Grand Army of the Republic


Also found in: Dictionary, Acronyms, Wikipedia.

Grand Army of the Republic

(GAR), organization established by Civil War veterans of the Union army and navy. Principal figures in the founding of the GAR were John A. LoganLogan, John Alexander,
1826–86, American politician, Union general in the Civil War, b. Murphysboro, Ill. He fought in the Mexican War and practiced law in Illinois. A Democrat who supported Stephen A.
..... Click the link for more information.
 and Richard J. Oglesby. The first post was formed (Apr. 6, 1866) at Decatur, Ill., and at the first national encampment, held at Indianapolis, Ind., on Nov. 20, 1866, 10 states and the District of Columbia were represented. Gen. Stephen A. Hurlbut, the first commander in chief, was succeeded by Logan, who was followed in office by Gen. Ambrose E. Burnside. They were the most prominent military men to head the GAR. By 1890, when the GAR reached its peak, more than 400,000 members were reported. The members sought to strengthen the bonds of comradeship, to preserve the memory of their fallen comrades (they secured the general adoption of Memorial DayMemorial Day,
holiday in the United States observed in late May. Previously designated Decoration Day, it was inaugurated in 1868 by Gen. John A. Logan for the purpose of decorating the graves of Civil War veterans and has since become a day on which all war dead are commemorated.
..... Click the link for more information.
 to achieve this purpose), to give aid to soldiers' widows and orphans and to handicapped veterans, and, most of all, to fight for pension increases and other benefits. Although the organization was nonpolitical, GAR members were overwhelmingly Republican and formed a reliable bloc of that party's strength in the years up to 1900. Soldier preference in federal appointments became the rule, and pension legislation was usually enacted by the Republicans with their support in mind. The National Tribune, founded (1877) by George E. Lemon, a powerful pensions attorney of Washington, D.C., kept GAR members posted on pension matters. The organization scored a great victory in 1879 with the passage of the Arrears of Pension Act, which led many more veterans to apply for pensions. Theoretically, only those who suffered disabilities in service were entitled to pensions, but it became the practice for lenient Congressmen to introduce private pension bills. These were almost always granted until Grover Cleveland, the first President to examine the bills critically, found many of them to be fraudulent. The fact that Cleveland was a Democrat further confirmed GAR members in their staunch Republicanism. Auxiliary societies associated with the GAR were the Sons of Veterans (1881), the Women's Relief Corps (1883), and the Ladies of the Grand Army of the Republic (1886). A separate veterans organization, the United Confederate Veterans, was organized in 1889, but its membership (less than 50,000 at its peak) never approached that of the GAR. With the coming of the 20th cent. the GAR declined rapidly in numbers and influence. The 83d and last encampment was also held at Indianapolis, on Aug. 28–31, 1949, with 6 of the 16 surviving members in attendance. The last member of the GAR died in 1956.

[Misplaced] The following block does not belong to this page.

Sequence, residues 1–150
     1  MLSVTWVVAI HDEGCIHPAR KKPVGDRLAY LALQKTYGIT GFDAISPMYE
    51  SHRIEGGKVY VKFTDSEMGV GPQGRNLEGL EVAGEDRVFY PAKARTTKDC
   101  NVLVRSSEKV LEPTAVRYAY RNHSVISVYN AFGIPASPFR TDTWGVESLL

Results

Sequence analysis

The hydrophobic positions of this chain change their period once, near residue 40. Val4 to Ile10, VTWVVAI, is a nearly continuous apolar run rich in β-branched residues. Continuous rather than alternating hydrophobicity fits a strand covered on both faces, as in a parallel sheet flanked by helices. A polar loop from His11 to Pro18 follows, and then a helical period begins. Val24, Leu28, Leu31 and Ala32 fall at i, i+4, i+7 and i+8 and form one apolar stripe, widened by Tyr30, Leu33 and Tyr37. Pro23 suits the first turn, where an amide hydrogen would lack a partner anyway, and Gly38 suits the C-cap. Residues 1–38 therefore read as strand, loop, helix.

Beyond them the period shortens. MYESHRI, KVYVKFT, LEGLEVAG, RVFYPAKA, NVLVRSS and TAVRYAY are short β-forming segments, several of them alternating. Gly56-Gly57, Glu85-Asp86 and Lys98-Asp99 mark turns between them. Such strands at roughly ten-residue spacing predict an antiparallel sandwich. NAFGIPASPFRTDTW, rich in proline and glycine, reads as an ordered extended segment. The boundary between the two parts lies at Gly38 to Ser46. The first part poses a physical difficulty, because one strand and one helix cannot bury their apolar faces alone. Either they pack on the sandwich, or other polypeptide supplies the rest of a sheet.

Bibliography

See M. R. Dearing, Veterans in Politics: The Story of the G.A.R. (1952).

References in periodicals archive ?
of Illinois Press, 1991), 91-93; Foster, Ghosts of the Confederacy, a94; Stuart McConnell, Glorious Contentment: The Grand Army of the Republic, 1865-1900 (Chapel Hill: Univ.
Grand Army of the Republic (GAR) Memorial Museum Aurora, (217) 522-4373.
Confronted by the dilemma that Americans are made, not born, educators and organizations, such as the Grand Army of the Republic, Women's Relief Corps, and Daughters of the American Republic, campaigned to transform schools, in George Balch's words, into a "mighty engine for the inculcation of patriotism."
At this point applications flooded into the Pension Bureau, helped by a veterans organization called the Grand Army of the Republic that grew from 45,000 members in 1879 to 215,000 by 1885.
Can you imagine the Grand Army of the Republic marching through Richmond, Va., today to keep alive the animosities of the American Civil War?
Stuart McConnell reports on the membership characteristics of three local units for the postwar Grand Army of the Republic among the elite in Philadelphia, among farmers and lumbermen in Chippewa Falls, Wisconsin, and in the shoemaking community of Brockton, Massachusetts.
The Grand Army of the Republic, veterans of the Civil War, held its 83rd and last encampment.
Sherman in an expedition against Meridian, Mississippi (February 1864); appointed commander of the Department of the Gulf (August); mustered out of service (June 1865), he organized the Grand Army of the Republic and was elected its first national commander at Indianapolis (November 1866); elected to the Illinois legislature as a Republican (1867); served as U.S.
The parade will step off from the corner of Broadway and Benton Street, travel north on Broadway, then west on Downer Place to the Grand Army of the Republic Memorial Hall, 23 E.
The senior McCoy had served in the Union Army, and was an active member of the local chapter of the Grand Army of the Republic (GAR).
The town hall will follow a traditional Grand Army of the Republic ceremony, which will begin at 11:30 a.m.
Grand Army of the Republic Memorial Hall Board of Trustees Meeting, 5:30 p.m., conference room D, 50 Skyline Drive